When services on your machine creates a connection, it too is designated a port by the OS to communicate on (the local port) and then attempt to connect to the remote service on a given port. Now for security reasons you don't want anyone trying to randomly connect to ports opened by processes on your machine, so your airport will likely be blocking all inbound connections, but it's unlikely it'll be blocking you from making outbound connections. For example, you wouldn't be able to view websites unless ports 80 (and 443 for https) were explicitly opened by your airport. It's generally the case that all outbound connections are permitted - it's the inbound ones you don't want!
So, as Profile Manager can send push notifications in order to remotely update profiles on other devices, it needs to make a connection to Apples push service for profile update notifications on ports 2195 and 2196. I'm assuming that this service is used to notify devices of profile updates and sends back the status of the update to Profile Manager running on your server. So you can both send and recieve data on ports 2195 and 2196 once your machine has established the connection.
Now there appears to be another push notification service which is not specific to Profile Manager on port 5223. I'm guessing this is the one that Mail uses (and probably other services too) to notify devices that a new mail has arrived. Traffic would indeed flow both ways - send and receive - but again, you would be initiating the connection to Apple, so unless your airport is setup to deny outbound connections, then you would not need to open this port. Doing so would mean that the outside world can connect to port 5223 on your machine. It's unlike any process on your machine would be using that port, but it does open up your internal network to the world a little more.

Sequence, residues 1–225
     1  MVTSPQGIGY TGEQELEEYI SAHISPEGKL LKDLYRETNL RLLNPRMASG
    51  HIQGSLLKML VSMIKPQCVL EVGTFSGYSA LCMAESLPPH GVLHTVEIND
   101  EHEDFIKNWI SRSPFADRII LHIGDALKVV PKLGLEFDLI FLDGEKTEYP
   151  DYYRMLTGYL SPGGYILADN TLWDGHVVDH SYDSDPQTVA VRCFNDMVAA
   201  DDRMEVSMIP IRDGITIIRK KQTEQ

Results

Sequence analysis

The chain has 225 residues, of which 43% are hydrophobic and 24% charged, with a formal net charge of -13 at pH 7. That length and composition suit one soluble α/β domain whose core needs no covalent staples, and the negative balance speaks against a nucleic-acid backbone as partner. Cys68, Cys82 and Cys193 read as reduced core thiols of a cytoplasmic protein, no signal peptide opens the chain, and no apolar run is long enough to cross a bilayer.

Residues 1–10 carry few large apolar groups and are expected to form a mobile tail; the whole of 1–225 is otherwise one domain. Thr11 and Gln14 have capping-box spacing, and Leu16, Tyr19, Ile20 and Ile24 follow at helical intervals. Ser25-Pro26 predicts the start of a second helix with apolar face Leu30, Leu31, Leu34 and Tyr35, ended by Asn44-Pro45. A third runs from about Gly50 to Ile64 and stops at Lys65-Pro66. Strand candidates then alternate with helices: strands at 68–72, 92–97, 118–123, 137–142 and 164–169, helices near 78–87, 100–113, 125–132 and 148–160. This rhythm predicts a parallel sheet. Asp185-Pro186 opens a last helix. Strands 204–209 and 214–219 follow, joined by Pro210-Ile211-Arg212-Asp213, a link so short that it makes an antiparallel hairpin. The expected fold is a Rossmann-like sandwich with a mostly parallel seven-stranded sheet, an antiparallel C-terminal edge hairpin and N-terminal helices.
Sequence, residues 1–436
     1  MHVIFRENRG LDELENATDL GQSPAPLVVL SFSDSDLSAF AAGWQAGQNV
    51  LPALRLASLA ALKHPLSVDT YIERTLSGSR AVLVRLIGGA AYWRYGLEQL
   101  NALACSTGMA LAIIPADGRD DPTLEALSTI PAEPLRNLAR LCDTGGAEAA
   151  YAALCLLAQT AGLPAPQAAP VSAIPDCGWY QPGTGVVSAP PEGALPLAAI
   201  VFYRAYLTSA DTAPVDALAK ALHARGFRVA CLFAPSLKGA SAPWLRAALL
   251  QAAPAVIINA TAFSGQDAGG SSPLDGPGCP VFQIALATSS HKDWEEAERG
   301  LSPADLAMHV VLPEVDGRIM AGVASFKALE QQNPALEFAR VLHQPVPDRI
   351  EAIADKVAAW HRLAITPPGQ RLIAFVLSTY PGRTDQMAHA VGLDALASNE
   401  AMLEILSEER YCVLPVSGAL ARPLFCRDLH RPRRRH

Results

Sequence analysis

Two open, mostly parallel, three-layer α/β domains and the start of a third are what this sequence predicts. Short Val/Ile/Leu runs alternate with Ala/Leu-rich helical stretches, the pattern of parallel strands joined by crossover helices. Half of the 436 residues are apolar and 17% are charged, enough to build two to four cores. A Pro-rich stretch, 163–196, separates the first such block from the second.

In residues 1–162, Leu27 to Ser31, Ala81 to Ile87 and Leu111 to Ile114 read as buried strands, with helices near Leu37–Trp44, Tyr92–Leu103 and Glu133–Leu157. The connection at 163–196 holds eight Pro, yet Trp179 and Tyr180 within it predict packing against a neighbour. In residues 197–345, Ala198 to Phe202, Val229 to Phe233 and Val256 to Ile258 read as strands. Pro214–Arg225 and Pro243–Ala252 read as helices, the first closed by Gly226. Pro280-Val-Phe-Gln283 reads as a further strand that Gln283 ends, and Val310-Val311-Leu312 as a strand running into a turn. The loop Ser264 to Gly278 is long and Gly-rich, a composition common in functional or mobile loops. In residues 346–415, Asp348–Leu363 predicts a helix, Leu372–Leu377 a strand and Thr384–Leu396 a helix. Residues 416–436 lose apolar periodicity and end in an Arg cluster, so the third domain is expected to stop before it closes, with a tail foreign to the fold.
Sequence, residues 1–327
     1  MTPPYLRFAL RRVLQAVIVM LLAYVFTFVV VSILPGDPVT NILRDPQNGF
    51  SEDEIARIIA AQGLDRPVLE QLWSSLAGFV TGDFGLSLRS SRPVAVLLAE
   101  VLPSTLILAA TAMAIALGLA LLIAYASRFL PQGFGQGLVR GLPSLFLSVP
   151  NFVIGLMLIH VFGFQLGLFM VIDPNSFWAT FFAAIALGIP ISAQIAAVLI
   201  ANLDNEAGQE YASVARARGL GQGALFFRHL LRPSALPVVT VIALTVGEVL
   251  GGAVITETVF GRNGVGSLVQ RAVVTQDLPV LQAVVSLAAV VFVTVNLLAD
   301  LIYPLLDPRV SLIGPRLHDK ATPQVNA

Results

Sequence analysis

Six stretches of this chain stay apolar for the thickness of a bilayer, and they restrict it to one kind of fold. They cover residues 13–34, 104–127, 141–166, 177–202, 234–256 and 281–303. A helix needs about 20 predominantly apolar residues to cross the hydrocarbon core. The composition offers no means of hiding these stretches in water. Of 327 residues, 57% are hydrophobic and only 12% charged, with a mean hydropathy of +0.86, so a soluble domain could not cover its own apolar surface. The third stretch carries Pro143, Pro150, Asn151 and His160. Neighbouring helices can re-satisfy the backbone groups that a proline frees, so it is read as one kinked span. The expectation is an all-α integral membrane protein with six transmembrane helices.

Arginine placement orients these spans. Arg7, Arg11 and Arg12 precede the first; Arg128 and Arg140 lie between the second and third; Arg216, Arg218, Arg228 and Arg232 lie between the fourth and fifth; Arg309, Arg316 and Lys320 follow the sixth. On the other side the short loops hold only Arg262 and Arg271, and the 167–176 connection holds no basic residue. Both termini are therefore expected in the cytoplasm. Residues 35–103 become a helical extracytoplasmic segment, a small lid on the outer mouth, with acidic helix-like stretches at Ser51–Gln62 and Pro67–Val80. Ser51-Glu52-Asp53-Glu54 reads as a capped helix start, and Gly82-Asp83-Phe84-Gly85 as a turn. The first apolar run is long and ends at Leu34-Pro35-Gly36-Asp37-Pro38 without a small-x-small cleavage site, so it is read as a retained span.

If I run this:
netstat -f inet -p tcp
I get something like this:
Proto Recv-Q Send-Q Local Address Foreign Address (state)
tcp4 0 0 server.domain.com 49198 18.104.22.168.5223 ESTABLISHED
tcp4 0 0 server.domain.com 49317 22.214.171.124.2195 ESTABLISHED
This shows that a process on my server has a connection from port 49198 to the remote port 5223 on Apple's, and from local port 49317 to remote port 2195 on Apple's. Both connect TO Apple. No processes are listening on 5223, 2195 or 2196 on my server for Apple to connect in to my network. You can see those ports reside on Apples end, not mine.
I'm just wondering it either your airport is oddly set up to block outbound connections which you have opened, so opening outbound connections fixed it, or something else got fixed at the same time you opened those inbound ports. It would be interested to see if closing them again has any negative effect on your push service.
Ok, so I've learned something there - you don't even need to reroll a device to have this work! Cool!
I hope this has helped!